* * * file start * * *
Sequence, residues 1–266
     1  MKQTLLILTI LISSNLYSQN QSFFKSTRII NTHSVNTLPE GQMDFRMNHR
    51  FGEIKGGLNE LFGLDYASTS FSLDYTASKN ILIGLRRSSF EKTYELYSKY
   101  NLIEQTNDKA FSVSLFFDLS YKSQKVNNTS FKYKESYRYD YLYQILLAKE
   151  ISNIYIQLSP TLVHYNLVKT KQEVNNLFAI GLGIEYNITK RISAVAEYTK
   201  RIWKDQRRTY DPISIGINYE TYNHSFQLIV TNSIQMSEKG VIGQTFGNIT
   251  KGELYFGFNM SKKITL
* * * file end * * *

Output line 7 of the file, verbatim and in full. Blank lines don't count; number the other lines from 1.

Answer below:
   251  KGELYFGFNM SKKITL